However, the Odin shells do not isolate quite as completely as the Wraith due to the triple-bore bass vent to the rear of the acrylic shell. A necessary evil to allow the low-end drivers to breathe properly. The Wraith, being an all-BA build does not need them, the Odin being a dual-Weapon IX+ design does.
Thankfully, the Odin comes with my current favorite silicone tips, the single bore Final E in 5 different sizes from seriously small to big lugs. The Final E tips are an excellent choice because of the way they really tease out a much more explosive sound to many regular silicone tips but at the same time give you a seal on par with foams.
The only thing I have to say though is if you are new to these tips you might push them all the way in which can close off their narrow bores and kill the Odin performance. Just enough until you hear the obligatory dynamic driver diaphragm flex and you are all set.
You can and should tip roll just to help you get an idea of how much the stock sound is for you because as mentioned I find the Final E tips to be extremely vivid. SpinFits are a valid alternative for me and help produce a more gentile and warmish sound to the Odin.
You could call it slightly more relaxed compared to the Final E in a manner of speaking with a slightly reduced bass response and a sweeter midrange timbre.
Packaging & Accessories
I feel Empire Ears now are more relaxed and surer of their identity when it comes to retail packaging. The construct of the Odin package is very similar to the Wraith box only with a white vinyl sleeve adorned with the Odin in gold font and that Valknut symbol, also in gold, to the front as well as Dean Vang’s signature to the side.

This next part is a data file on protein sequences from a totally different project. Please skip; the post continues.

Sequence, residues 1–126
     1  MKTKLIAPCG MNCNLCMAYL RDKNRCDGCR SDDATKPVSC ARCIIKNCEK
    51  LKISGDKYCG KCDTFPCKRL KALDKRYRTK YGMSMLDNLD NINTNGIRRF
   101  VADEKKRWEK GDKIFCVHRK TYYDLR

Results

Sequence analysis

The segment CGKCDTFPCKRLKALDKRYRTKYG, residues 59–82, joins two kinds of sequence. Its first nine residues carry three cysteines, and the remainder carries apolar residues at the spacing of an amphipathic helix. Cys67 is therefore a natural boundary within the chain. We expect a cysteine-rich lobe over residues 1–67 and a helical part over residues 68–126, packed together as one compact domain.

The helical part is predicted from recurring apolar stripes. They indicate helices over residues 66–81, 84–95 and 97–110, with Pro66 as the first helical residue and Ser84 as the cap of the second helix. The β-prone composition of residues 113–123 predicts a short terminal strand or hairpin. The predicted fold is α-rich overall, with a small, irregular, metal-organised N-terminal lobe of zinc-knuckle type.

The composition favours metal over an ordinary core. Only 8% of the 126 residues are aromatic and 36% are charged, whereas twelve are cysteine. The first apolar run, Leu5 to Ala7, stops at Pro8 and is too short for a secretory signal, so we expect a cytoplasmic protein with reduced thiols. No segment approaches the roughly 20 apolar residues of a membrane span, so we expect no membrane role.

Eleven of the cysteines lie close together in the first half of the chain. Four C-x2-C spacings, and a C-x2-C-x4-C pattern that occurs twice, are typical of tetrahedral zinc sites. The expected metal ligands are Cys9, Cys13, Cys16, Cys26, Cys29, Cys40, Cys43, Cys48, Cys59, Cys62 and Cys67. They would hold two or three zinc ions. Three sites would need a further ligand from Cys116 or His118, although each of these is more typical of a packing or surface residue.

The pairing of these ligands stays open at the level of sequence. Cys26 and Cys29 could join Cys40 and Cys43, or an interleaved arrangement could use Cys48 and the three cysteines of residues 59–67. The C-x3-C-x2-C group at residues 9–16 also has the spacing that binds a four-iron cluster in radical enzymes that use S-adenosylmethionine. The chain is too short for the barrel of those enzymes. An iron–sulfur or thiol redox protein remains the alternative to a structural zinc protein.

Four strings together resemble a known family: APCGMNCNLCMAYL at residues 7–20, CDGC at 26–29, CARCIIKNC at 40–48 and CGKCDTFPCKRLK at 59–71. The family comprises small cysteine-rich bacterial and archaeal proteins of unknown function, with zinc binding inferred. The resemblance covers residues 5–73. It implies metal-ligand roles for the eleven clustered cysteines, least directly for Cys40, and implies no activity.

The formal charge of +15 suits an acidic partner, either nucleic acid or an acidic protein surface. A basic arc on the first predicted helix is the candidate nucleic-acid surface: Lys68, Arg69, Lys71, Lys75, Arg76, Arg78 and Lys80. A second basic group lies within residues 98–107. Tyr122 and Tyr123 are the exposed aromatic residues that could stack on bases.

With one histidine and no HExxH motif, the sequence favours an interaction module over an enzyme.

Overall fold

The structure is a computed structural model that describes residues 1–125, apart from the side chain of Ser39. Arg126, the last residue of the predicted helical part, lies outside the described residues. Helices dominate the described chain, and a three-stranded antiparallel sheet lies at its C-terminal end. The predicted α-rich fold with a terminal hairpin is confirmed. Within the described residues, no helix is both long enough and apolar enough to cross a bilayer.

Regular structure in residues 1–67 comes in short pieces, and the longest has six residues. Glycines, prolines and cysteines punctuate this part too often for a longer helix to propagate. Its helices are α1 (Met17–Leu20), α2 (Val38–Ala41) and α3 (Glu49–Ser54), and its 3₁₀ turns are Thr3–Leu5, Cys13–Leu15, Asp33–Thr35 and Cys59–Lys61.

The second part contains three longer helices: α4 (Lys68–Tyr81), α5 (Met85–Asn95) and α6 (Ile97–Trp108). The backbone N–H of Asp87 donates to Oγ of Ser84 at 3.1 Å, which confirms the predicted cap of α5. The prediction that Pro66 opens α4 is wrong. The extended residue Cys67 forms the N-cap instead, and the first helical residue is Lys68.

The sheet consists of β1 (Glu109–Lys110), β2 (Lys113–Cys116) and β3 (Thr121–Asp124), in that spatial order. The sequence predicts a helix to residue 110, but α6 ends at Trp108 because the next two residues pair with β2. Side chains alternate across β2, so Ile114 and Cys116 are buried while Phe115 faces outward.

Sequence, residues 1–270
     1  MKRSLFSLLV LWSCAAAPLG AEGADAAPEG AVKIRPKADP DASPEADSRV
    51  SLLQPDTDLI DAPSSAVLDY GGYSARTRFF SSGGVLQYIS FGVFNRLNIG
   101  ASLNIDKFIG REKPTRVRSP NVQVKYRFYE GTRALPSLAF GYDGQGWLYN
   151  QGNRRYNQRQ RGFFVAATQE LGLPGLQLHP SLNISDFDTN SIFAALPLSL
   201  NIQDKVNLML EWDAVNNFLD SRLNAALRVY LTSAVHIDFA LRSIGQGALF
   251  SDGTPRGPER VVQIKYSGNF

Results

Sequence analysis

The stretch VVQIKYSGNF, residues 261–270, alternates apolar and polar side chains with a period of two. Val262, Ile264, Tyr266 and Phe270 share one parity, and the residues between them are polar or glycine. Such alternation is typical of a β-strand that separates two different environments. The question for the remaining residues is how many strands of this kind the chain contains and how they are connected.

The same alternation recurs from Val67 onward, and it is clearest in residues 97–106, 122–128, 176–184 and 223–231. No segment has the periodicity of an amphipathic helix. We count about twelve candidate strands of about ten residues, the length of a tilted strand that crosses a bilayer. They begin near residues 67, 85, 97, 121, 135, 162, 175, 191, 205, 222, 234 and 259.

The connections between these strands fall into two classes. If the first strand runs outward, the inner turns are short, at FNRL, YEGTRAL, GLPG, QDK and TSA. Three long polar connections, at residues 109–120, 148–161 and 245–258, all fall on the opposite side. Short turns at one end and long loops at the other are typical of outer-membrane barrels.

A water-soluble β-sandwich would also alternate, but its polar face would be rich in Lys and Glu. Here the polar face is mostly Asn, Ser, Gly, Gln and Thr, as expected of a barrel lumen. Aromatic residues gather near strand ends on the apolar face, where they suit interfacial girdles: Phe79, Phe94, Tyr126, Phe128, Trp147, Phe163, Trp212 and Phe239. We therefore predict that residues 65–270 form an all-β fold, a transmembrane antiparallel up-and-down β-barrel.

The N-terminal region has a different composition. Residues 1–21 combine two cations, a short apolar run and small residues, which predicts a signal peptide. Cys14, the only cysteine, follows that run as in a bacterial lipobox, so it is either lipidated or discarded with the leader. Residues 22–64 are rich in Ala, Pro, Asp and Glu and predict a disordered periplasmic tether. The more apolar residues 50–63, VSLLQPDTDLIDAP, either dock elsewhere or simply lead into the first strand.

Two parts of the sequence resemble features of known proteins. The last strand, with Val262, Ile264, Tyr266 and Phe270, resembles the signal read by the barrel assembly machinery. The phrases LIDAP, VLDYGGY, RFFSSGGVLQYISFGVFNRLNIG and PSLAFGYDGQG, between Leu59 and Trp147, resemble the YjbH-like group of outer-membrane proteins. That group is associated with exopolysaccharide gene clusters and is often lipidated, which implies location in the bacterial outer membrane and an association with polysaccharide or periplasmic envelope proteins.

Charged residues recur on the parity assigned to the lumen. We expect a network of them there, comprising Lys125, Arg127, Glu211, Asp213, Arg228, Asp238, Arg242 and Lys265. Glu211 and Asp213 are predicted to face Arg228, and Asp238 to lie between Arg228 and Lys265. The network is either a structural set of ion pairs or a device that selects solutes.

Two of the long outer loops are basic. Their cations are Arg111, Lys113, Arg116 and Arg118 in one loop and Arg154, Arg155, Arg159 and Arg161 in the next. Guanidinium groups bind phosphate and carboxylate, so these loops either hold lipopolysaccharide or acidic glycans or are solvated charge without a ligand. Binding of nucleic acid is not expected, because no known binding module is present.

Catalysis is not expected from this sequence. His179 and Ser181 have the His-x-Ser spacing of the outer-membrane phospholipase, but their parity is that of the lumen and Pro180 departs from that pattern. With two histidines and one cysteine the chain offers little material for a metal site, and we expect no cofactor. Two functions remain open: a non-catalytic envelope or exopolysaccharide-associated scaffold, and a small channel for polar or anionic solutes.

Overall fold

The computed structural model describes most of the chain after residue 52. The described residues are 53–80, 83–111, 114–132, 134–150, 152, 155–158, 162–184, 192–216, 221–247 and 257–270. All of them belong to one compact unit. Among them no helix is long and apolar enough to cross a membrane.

Slide off the white sleeve and you get that tidy 2-piece tiered modernistic all-black slider box similar to the aforementioned 2019 releases. The cable plus the drivers are neatly housed on the top-tier in their own display foam and the accessories are all housed in the slide-out tray just below.
Inside the slider tray, you get Empire Ears standard durable round screw aluminum case that is printed with the EE branded wings and a text engraving of Odin. You also get a small cleaning tool under the tips tray and a satin cleaning cloth inside the aluminum case.
The threaded aluminum case has slightly less space to work with than the weather-sealed Aegis cases of before but they are bloody solid, and I mean practically bombproof.
Apparently, it is also weatherproof and it does look fairly tight when the lid is screwed shut. It is a shade on the heavy side though so I am not 100% sure I would be using it on tight Kg limits for travel.
The Final E tips come in their own little silver tray which I much prefer over cheaper cardboard variants that a lot of mid-fi IEMs seem burdened with. Aside from that you also get some stickers, product brochure, and a black thank you card